WASHINGTON (Reuters) - With Main Street up in arms over a proposed $700 billion financial bailout of Wall Street, lawmakers turned to top U.S. officials to make the case for them that failure to act would unleash a financial armageddon.
While most congressional leaders have conceded something must be done to avert an economic crisis, they have had little success so far in explaining to the electorate why Wall Street’s misfortune could soon spread far and wide.
Grim economic outlooks from Federal Reserve Chairman Ben Bernanke, Treasury Secretary Henry Paulson and Congressional Budget Office Director Peter Orszag drew a clear link between financial market turmoil and real-world pain. The White House announced that President George W. Bush would give an economic address to the nation on Wednesday evening.
Less than six weeks away from elections, with the entire House of Representatives and one-third of the Senate up for grabs, congressional leaders were fielding angry phone calls from voters who felt they were essentially being asked to pay for Wall Street’s mistakes.
“The problem is, the people asked to clean up all the broken furniture, they didn’t even get invited to the party,” said Rep. Lloyd Doggett, a Texas Democrat. “That’s why so many of the people that are contacting me ... are not just against this bailout, they’re very angry.”
The Treasury Department has asked for the extra funding so it can buy hard-to-value and nearly impossible-to-trade debts off of banks’ books in the hope that they will then resume normal lending and boost the broader economy.
Bernanke and Paulson have repeatedly stressed that the cost to taxpayers would probably be far less than $700 billion because the government would intend to resell the assets -- perhaps even at a profit -- once market conditions improve.
Sen. Charles Schumer, the New York Democrat who chairs the Joint Economic Committee, said he agreed Congress should act and act soon, “but let us be clear: Americans are furious.”
“I am sure that every single one of my colleagues on both sides of the aisle has heard what I have heard from my constituents -- amazement, astonishment and intense anger. And they are right to be astonished and very angry,” he said.
That ire has compounded economic worries and given a boost in the polls to Democratic Sen. Barack Obama in what has been a tight presidential race against Republican Sen. John McCain. McCain said on Wednesday that the bailout plan was unlikely to pass in its current form and he was suspending his campaign to return to Washington to help with negotiations.
SELLING IT TO MAIN STREET
Rep. Steven LaTourette, an Ohio Republican, drove home the problem facing lawmakers in selling the massive bailout plan, in an exchange with Fed chief Bernanke at Wednesday’s hearing.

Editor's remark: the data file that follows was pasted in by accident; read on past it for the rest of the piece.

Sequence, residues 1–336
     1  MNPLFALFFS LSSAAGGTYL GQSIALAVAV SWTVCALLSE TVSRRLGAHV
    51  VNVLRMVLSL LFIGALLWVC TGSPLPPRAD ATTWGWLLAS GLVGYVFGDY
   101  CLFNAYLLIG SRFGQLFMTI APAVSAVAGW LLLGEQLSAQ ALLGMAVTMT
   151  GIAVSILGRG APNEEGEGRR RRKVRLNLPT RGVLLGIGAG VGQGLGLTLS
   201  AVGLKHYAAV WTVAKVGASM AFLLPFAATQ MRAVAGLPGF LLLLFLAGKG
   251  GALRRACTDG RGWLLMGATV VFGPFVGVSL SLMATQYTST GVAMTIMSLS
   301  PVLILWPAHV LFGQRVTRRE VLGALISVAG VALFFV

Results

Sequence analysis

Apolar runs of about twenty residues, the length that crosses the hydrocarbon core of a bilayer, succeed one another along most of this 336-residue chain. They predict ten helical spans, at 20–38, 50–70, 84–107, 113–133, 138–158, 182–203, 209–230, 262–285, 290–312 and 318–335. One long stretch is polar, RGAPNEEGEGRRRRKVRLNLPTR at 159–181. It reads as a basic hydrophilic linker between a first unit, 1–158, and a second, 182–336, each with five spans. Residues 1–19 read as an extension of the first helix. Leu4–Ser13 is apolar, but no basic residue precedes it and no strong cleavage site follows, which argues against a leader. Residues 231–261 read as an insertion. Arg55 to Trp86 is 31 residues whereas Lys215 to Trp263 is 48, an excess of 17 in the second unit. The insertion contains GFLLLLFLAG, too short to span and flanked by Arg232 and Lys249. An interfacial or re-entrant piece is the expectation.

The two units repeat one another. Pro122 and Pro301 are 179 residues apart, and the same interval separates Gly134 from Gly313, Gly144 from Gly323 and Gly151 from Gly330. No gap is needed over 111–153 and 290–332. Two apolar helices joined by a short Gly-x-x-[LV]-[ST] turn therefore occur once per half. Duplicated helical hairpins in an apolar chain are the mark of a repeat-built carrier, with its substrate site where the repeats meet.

“Over the weekend, all the leadership left the White House. They were all ashen faced. They were using words like ‘Armageddon,’” LaTourette said.
“I need you to tell that guy on his couch, when he watches the 6 o’clock news, what happens if we don’t do this -- to him, not to the markets, not to the guys on Wall Street,” he added.
Bernanke was blunt in his reply: “It’s all esoteric Wall Street stuff. It doesn’t have any meaning to people on Main Street, but it connects very directly to their lives.
“Credit is the lifeblood of the economy,” Bernanke said. “If the credit system isn’t working, then firms cannot finance themselves, people cannot borrow to buy a car, to send a student to college, to buy a house.”
In his most stark assessment since the credit crisis exploded 13 months ago, Bernanke said Congress must move quickly “to address the grave threats to financial stability that we currently face.”
“When worried lenders tighten credit, then spending, production and job creation slow,” he added.
Goldman Sachs economist Jan Hatzius said Bernanke’s tone was unusually blunt.
“The term ‘grave’ is extremely strong language for a Fed chairman and makes clear the degree of concern that he -- and presumably others at the Fed and in the government -- have with respect to the ongoing financial turmoil,” he said.
Wall Street economists point to an alarming spike in borrowing costs across debt markets that fund everything from credit cards to short-term business loans as evidence that the credit crisis is moving well beyond its housing-market roots.
“If businesses and households are cut off from credit, and the economy is not creating jobs, there is no fuel for spending,” said Michael Darda, chief economist at MKM Partners.
The Congressional Budget Office’s Orszag took it a step further. If Congress failed to approve the rescue package, he said, “there is a very substantial risk of utter financial market chaos.”
“You would have a financial market meltdown that would cause very severe dislocations ... maybe on the magnitude of the Great Depression,” he added.
Editing by Leslie Adler
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